The second-generation Tiguan arrives after its larger sibling, the 3-row Atlas CUV, which also shares VW’s MQB modular architecture. With both vehicles arriving as CUV demand remains robust, the automaker is proclaiming 2017 the “year of the #SUVW.”
Volkswagen Brand Chairman Herbert Diess (left) and Hinrich Woebcken, CEO of VW’s North American Region, have high hopes for all-new Tiguan.
DETROIT – TheTiguan has struggled for attention in the small CUV segment, closing out 2016 behind nine other entries, including three Jeeps (Compass, Patriot and Renegade) and a Subaru (XV Crosstrek), all of which outsold it by a margin of more than 2 to 1.
But the Tiguan’s 2016 sales of 43,638 units represent a 21% increase from a year earlier.
Tonight, VW moves to step up its competitiveness in one of America’s hottest vehicle segments by revealing the all-new long-wheelbase ’18 Tiguan that is 10.7 ins. (272 mm) longer than the current model and offering 57% more cargo space and an optional third row.
The new second-generation Tiguan will arrive after its larger sibling, the 3-row Atlas CUV, which also shares VW’s MQB modular architecture.
The Atlas goes on sale in the second quarter and will be assembled at the automaker’s plant in Chattanooga, TN. VW considers the Atlas a midsize CUV, but WardsAuto will place the vehicle in its Large CUV segment.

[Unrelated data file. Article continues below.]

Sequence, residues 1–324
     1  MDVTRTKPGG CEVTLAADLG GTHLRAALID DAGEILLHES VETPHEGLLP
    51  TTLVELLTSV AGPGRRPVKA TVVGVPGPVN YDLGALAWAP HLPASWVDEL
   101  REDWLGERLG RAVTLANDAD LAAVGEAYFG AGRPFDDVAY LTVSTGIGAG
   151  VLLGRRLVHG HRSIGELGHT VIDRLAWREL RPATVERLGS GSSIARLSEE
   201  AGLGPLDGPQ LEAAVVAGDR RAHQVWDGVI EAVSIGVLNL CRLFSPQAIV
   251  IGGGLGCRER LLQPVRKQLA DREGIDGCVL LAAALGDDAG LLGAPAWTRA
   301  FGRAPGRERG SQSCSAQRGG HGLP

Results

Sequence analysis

With both the Tiguan and Atlas arriving as CUV demand remains robust, the automaker is proclaiming 2017 the “year of the #SUVW.”
The new Tiguan will come from VW’s plant in Puebla, Mexico, designed specifically to meet the needs of the American market. Its wheelbase measures 109.9 ins. (2,791 mm) – 4.4 ins. (112 mm) longer than the new Tiguan sold in Europe.
“The new Tiguan demonstrates how we plan to give American customers the usability and versatility they demand without sacrificing style or’s trademark driving dynamics,” says Hinrich Woebcken, CEO of Volkswagen-North American Region.
Many consumers considered past Tiguans to be too expensive, so Woebcken says the Tiguan will be competitively price with the segment.
VW remains in the regulatory doghouse for rigging diesel engines to bypass onboard technology designed to reduce oxides of nitrogen emissions, so TDI fans eager for a Tiguan will have to settle for a gasoline engine.
The only powertrain available in the front-wheel-drive CUV is an updated version of Volkswagen’s 2.0L direct-injected turbocharged TSI 4-cyl. rated at 184 hp and 221 lb.-ft. (300 Nm) of torque.
An 8-speed automatic transmission is standard, and 4Motion all-wheel drive is optional, offering four driver-selectable modes.
Exterior design improvements include a 26-degree approach angle for off-roading as well as a lower lift-in height for the cargo hold. The power liftgate can be foot-activated.
Available driver-assistance technologies include stop-and-go adaptive cruise control, forward collision warning, autonomous emergency braking, pedestrian monitoring, lane-departure warning, blind-spot monitor and rear-traffic alert.
VW says the Tiguan’s Automatic Post-Collision Braking System is a first for the segment.
Inside, the optional Volkswagen Digital Cockpit allows drivers to reconfigure the instrument panel.
VW’s available Car-Net system provides a suite of connected vehicle services, including compatible smartphone integration with the three major platforms – Apple CarPlay, Android Auto and MirrorLink.
Overall, Volkswagen sold 322,948 vehicles in 2016, down 7.6% from 2015. Sales for most of the brand’s vehicles were down from 2015 to 2016, although Golf SportWagen was up 11% to 15,559 units.